‘Socialbots’ pose IT security threat on campuses

Socialbots had an 80 percent success rate during the two-month experiment.

University of British Columbia (UBC) Vancouver researchers unleashed an army of more than 100 socialbots—technology that poses as people on social networks—and harvested personal information from 3,000 Facebook users, demonstrating how vulnerable campus networks are to attacks through social media sites.

In “The Socialbot Network,” released Nov. 1, a group of UBC researchers claim they used a cluster of fake Facebook accounts to obtain more than 250 gigabytes of personal information from Facebook users who accepted friend requests from socialbots during the two-month experiment.

The socialbots have profile pictures, personal information, and posts like any other regular Facebook regular.

But instead of proposing a friend request and interacting with friends and colleagues, the bots exist only to scan Facebook profiles for personal eMail addresses, phone numbers, marital status, instant messenger accounts, addresses, and personal preferences.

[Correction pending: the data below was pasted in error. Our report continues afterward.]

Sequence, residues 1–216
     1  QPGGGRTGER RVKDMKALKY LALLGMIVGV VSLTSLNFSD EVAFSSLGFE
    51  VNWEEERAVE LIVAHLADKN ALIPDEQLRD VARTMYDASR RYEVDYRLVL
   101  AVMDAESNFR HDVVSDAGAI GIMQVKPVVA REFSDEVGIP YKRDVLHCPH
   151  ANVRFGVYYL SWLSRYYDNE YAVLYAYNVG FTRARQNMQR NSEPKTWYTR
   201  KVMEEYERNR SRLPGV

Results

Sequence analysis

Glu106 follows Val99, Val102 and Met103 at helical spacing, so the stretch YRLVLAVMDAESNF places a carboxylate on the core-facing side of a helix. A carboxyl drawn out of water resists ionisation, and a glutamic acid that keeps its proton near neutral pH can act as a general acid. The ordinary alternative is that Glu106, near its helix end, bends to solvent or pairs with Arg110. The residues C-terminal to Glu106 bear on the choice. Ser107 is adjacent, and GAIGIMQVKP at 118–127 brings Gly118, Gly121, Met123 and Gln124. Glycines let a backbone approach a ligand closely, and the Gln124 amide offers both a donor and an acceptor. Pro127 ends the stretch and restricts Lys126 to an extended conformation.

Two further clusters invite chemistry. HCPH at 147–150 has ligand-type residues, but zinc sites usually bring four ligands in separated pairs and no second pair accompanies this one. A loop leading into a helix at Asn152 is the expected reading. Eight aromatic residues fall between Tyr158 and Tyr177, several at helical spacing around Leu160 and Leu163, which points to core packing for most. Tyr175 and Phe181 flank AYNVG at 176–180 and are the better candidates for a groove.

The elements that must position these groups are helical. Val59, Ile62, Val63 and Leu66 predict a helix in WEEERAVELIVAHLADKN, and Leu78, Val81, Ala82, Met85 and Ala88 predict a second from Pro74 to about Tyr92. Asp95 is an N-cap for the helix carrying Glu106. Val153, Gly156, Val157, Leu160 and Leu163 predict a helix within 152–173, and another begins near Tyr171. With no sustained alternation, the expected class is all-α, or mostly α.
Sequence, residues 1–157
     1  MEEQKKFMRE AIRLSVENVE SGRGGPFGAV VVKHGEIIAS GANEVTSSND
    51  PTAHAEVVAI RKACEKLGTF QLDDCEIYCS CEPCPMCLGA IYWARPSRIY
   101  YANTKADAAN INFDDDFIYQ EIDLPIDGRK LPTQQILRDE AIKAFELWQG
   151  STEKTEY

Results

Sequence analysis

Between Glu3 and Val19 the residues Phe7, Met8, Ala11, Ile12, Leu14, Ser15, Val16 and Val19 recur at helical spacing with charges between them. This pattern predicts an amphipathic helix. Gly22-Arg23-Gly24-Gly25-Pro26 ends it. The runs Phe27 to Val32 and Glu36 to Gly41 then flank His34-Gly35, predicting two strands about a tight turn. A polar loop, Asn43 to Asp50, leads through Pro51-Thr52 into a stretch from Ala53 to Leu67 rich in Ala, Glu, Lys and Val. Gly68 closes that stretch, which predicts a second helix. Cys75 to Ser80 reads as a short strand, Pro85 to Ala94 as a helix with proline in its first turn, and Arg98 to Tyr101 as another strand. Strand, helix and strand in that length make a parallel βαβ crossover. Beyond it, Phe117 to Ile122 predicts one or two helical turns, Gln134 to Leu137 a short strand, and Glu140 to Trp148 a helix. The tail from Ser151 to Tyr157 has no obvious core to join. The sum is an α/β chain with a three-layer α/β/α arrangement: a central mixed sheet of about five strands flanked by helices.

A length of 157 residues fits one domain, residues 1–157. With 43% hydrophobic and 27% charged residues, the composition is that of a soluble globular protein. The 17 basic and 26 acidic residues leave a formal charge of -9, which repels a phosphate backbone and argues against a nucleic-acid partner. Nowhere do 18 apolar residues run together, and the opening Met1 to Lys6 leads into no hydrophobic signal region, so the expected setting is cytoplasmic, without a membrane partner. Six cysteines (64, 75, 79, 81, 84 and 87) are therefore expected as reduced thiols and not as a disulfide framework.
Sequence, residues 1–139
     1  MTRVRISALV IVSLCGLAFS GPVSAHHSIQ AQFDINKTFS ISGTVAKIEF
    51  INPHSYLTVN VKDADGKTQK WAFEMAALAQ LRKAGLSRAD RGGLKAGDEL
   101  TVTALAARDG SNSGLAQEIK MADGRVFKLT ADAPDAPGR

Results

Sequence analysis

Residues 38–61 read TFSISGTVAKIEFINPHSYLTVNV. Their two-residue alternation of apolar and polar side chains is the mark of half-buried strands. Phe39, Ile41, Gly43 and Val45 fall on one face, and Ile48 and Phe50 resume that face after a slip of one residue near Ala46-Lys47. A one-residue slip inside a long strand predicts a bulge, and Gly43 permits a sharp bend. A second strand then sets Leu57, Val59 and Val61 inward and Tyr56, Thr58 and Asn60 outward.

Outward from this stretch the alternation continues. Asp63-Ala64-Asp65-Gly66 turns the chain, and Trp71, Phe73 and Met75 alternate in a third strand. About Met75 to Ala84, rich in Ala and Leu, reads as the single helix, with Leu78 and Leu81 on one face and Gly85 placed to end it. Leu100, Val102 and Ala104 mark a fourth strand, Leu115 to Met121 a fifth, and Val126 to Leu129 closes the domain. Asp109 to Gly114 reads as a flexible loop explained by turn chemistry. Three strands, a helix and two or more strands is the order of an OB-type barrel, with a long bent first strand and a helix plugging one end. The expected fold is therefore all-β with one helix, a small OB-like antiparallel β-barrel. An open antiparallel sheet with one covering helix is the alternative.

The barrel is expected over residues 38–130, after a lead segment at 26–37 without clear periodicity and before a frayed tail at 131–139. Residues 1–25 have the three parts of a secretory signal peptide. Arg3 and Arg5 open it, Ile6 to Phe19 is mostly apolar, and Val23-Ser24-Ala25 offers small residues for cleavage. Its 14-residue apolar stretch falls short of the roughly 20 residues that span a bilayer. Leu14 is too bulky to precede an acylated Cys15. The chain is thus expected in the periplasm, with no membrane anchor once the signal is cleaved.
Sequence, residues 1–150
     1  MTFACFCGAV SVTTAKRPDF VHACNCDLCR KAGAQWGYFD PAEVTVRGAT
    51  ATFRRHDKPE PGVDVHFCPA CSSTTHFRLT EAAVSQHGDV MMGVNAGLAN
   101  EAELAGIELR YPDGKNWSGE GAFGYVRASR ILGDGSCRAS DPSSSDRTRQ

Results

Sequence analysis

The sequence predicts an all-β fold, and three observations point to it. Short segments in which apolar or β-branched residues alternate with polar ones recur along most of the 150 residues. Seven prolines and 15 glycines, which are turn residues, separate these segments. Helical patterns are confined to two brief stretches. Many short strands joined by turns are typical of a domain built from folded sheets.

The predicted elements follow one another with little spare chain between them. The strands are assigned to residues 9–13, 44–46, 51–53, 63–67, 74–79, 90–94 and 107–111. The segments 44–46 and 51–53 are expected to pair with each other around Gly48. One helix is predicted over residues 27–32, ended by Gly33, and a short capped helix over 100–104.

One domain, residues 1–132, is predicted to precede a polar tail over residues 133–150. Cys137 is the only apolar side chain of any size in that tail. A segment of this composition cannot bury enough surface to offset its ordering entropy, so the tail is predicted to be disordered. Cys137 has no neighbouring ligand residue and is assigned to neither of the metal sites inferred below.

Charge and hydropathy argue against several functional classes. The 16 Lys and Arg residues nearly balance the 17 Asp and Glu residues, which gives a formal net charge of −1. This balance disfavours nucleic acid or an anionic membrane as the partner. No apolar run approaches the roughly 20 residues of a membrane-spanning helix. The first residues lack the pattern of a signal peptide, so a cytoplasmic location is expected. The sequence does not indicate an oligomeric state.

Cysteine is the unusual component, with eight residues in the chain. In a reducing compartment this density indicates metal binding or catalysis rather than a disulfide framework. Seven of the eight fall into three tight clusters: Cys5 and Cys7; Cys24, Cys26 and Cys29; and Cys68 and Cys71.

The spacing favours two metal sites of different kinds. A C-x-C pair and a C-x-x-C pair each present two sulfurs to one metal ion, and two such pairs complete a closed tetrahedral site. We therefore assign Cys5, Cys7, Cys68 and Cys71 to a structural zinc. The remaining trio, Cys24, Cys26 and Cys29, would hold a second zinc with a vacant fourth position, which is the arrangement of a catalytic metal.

Read more about network security in higher education…

How to practice safe social networking

Study: Smart phones threaten campus network security

“A successful infiltration can result in privacy breaches where even more users’ data are exposed when compared to a purely public access,” the researchers wrote.

Socialbots deployed by the UBC researchers, which used quotes from the site iheartquotes.com as status updates to simulate a real person, infiltrated Facebook accounts in 80 percent of their attempts.

The researchers launched each socialbot account in part by using temporary eMail addresses from 10minutemail.com as a registration eMail account required to start a Facebook profile. Photos were chosen for each socialbot account through the site hotornot.com, where users rate each others’ “hotness.”

Despite its Facebook Immune System (FIS), the 800-million member social network might not have sufficient defenses for socialbots posing as people, according to the report.

FIS, the report charges, is “not effective enough in detecting or stopping a large-scale infiltration as it occurs.”

"(Required)" indicates required fields